How to write the perfect CV in 10 steps
Employers will spend an average of 8 seconds looking at your CV. In this competitive job market, how can you ensure that your CV is the one that stands out? Here’s a guide to writing the perfect CV
1) Be clear on your purpose. The point of your CV is to get you invited for an interview. Ensure that all information on your CV is relevant to the position and company you are applying to. Be harsh and ask yourself the question, “will this make them want to interview me?”
2) Do your research. Generic CVs are boring and will most likely go in the ‘no’ pile. It’s vital to tailor your CV to each company – it shows passion and commitment and will help differentiate you from the competition. Find out what the role you’re applying for requires and demonstrate your experience in each area. Find out what type of company you’re applying to and show why you’d be perfect for them. How to do this? Get creative – read trade press, interview a present or past employee or spend an hour on Linked In
3) What to include. Name at the top. Bold. Centred. Mission statement below this. Employment History section (role, company, dates, 4 relevant bullet points). Achievements section. Education section. Personal Information.
4) Make it sexy. Statistics are good, for example, “during my time with X I saved the department £750,000 through improving processes”. Achievements are good, such as, “I was the youngest person to be promoted to manager in 50 years”
5) Don’t lie. There is a world of difference between presenting yourself in a relevant light and either making things up or omitting important details. Just don’t do it.
6) The 'So What test'. This is my favourite trick. For every bit of information you have on your CV, put yourself in the shoes of your potential employer and ask, “so what?”. Consider the difference for the following application for a sales role:
I run 4 times a week and am learning to play the guitar
So what? It’s interesting but not relevant
I run 4 times a week with my local club, of which I’m an active committee member and completed my first marathon in November
So what? This person is motivated, goal-orientated and a team player – all good for sales
7) First impressions. You need a mission statement. This should be no more than 4 lines long and demonstrates concisely and compellingly why you are the right person for them. Avoid clichés such as “proven track record” or “motivated team player”, remember the aim is to stand out and you’ve only got 8 seconds. You should also state what your goal is, for example “to apply my creative techniques within a forward-thinking consultancy that’s looking to develop an international division”. (Tip: you need to apply your research here – they should match). If you would like help working out your mission statement, get in touch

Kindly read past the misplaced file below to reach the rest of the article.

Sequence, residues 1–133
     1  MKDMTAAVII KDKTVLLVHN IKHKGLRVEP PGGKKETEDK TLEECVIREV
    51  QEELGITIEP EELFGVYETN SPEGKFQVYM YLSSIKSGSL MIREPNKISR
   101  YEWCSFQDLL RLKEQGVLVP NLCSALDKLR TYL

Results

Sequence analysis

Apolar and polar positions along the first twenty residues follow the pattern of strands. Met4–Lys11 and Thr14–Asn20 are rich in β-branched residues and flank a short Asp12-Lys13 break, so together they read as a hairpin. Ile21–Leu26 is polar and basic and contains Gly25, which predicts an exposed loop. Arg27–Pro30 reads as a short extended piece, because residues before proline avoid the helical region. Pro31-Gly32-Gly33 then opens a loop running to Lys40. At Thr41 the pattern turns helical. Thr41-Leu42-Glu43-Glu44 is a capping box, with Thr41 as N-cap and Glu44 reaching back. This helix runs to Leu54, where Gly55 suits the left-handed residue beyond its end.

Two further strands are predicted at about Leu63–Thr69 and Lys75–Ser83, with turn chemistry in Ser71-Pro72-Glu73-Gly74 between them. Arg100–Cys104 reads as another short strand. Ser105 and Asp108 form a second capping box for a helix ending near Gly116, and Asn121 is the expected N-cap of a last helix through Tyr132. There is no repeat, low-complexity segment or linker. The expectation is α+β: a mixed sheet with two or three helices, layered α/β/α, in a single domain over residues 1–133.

8) How do I make it pretty? You don’t. Make it relevant to your industry. If you’re an engineer, don’t use a swirly font. If you’re a creative, you can add a picture or use coloured paper. If you don’t know, ask more senior people in your industry. Some general guidelines; one to two pages of A4 (relevance is more important than length), professional font (Arial is my favourite), size 12, well-spaced and formatted, impeccable grammar and spelling (you don’t want your CV filed under B for Bin because you can’t use apostrophe s – get it checked). If it’s being posted, use nice quality paper, if emailed, send as an attachment. Make sure there’s a covering letter (more on this later)
9) Make sure it gets to the right person. If it’s an agency, phone to check you’re sending it to the most relevant person and check their email address. Confirm they’ve received it. Ask to meet them, if you develop a relationship they’ll work harder on your behalf. Same goes for if you’re applying directly to a company. Be proactive too, is there anyone in your network you could ask to put in a good word for you? Could you send your CV in the post too to differentiate yourself? A word of caution here though – there is a line between passion and proactivity and stalkerish behaviour – don’t shoot yourself in the foot!
10) As soon as you’ve got your interview, the CV just becomes a reference resource – this is now your opportunity to dazzle them with your personality and expand on any points – and where the real hard work starts!
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